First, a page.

All of this to wonder.  What are we meant to do?  Live a conscious, independent life, or share life with each-other always, perhaps venturing into deep uninterrupted thought less often.  I realize there is a middle ground, however how often do we commit to being truly together and being truly separate?  When I hit a time in my life where I had lots of time to think alone, (which often accompanies facing some hard truths and rough patches), I had a few epiphanies in a row.  I posed all my life’s questions to my mother in one breath.  Asking her if she had thought about these things, how she felt about them, why she was living in the rat race of capitalist Toronto etc.  And my mother’s reply was that most people don’t have the time to stop and think like I did, that it was a luxury, and that she had to go because she was in the middle of filing a prospectus.

Any thoughts?  Any long, uninterrupted thoughts?

the beginning

Having recently read the Tao of Pooh and the Te of Piglet, I am pretty sure there is a part where the author ponders out loud, “…where to begin?” and Pooh innocently hints at what a strange question that is, because as far as he’s aware, there’s no where else to begin but the beginning.  Not really sure that helps much Pooh, but I’ll give it a shot and consider today the beginning.

I sit and listen to him speak.  Convincing me of some knowledge that he has.  That I do not.  True, I don’t know who the biggest exporter of tobacco is.  He does.  As does he in regards to many minor topics I note.  By habit, I feed his desire for expertise and ask “really?”.  Please don’t feed the bears.  In defense of his ego, he continues and in defense of my ego to earn a crumb of knowledge/power I feed him “including cigarettes?”, digging for the oh so diminishing “I don’t know”.  He effortlessly confirms, continuing on with even more knowledge than he knew he had.  When I come to the present moment of what’s happening, I remove myself from the dialogue.  Physically, mentally and obviously.  When the silence rests, and my ego has been stuffed into a dark hole and told “not a peep”, he contemplates his rant and retracts that it includes cigarettes, dismissing the idea that I even asked about them and that he had confirmed “yep”.  While I work to let go of a deep yearning to attack his weak argument, he, in secret, consults his guru on tobacco exporters, in a hopeful attempt to confirm his lecture, and if not, to devise a twist so that he still seems correct.  google: biggest tobacco exporter.  To his unease, he finds that in fact, my homeland the Netherlands, is not the biggest exporter of tobacco…”anymore”- his ego hiccups when confessing this to me.  With hopes of dropping a useless topic, but with every effort to do so seamlessly I respond with a closed lipped, oh-so-songful, “hmph”.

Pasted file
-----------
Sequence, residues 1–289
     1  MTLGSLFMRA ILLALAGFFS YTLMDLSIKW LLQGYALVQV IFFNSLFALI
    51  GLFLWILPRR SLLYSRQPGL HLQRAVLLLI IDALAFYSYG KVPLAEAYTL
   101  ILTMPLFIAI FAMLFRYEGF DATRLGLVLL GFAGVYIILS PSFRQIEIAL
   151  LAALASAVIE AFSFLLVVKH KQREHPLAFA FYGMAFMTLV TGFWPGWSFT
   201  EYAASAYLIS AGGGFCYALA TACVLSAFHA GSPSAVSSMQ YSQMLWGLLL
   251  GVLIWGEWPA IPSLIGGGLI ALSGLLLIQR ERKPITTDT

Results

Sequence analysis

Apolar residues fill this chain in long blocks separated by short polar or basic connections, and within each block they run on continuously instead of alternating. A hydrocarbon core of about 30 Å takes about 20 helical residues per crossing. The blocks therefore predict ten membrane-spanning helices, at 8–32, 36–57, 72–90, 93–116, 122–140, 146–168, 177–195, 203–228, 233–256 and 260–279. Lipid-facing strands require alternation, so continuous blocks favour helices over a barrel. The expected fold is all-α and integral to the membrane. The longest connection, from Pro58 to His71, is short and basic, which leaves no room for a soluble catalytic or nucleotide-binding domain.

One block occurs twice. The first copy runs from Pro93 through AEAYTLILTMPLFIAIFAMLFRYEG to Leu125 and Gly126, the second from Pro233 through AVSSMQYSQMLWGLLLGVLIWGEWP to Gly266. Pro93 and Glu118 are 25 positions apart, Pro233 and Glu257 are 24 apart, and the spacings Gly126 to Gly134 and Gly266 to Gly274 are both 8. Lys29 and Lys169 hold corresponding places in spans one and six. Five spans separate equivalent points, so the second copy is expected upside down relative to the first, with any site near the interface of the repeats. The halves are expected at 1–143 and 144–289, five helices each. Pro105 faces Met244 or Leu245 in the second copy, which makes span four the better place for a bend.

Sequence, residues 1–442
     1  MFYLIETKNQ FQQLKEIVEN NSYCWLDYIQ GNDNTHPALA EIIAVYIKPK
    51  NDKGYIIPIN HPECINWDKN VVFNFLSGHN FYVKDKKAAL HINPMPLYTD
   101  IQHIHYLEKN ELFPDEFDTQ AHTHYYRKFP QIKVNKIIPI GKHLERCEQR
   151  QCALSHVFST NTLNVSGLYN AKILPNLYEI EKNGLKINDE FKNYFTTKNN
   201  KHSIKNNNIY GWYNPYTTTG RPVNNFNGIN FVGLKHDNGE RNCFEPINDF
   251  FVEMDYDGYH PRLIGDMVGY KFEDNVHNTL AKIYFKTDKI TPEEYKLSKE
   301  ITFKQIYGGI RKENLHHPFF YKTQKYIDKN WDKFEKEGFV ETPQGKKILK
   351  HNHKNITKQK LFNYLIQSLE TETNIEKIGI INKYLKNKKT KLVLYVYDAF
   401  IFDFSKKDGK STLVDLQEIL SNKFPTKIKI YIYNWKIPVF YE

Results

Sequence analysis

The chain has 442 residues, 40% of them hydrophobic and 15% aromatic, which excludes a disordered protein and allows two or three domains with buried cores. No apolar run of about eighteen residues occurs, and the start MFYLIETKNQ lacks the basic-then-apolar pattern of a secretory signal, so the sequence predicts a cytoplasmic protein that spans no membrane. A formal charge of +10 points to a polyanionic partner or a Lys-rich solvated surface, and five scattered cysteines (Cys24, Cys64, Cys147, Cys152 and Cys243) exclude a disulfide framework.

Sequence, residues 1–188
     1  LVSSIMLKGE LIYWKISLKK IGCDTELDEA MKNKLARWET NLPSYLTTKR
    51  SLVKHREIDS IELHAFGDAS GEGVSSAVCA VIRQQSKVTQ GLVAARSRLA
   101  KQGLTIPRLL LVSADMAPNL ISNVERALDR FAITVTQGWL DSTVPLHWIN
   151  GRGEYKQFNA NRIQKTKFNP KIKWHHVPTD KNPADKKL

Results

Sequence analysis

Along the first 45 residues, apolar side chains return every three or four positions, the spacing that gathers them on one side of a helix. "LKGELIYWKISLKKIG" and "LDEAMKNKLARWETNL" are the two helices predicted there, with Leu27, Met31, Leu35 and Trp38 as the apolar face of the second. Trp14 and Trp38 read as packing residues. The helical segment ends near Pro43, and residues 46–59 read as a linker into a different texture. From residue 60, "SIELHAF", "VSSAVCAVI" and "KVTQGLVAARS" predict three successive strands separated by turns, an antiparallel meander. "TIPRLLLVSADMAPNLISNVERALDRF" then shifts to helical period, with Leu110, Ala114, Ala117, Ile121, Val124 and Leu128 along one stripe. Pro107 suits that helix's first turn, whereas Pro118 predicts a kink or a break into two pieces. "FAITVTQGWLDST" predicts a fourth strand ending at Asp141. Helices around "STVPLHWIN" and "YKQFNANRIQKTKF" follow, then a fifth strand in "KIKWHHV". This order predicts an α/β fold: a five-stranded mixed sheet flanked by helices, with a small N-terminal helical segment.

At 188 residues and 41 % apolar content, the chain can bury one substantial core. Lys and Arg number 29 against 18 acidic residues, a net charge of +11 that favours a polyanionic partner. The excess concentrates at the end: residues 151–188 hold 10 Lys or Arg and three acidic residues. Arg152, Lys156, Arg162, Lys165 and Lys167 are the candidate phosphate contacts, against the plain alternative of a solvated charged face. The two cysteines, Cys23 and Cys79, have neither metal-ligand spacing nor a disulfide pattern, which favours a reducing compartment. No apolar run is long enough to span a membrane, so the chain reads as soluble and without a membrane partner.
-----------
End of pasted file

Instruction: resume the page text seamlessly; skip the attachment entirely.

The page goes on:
This later erupts into a complicated and tired argument/dialogue that would need to be recorded and decoded to even begin to write about.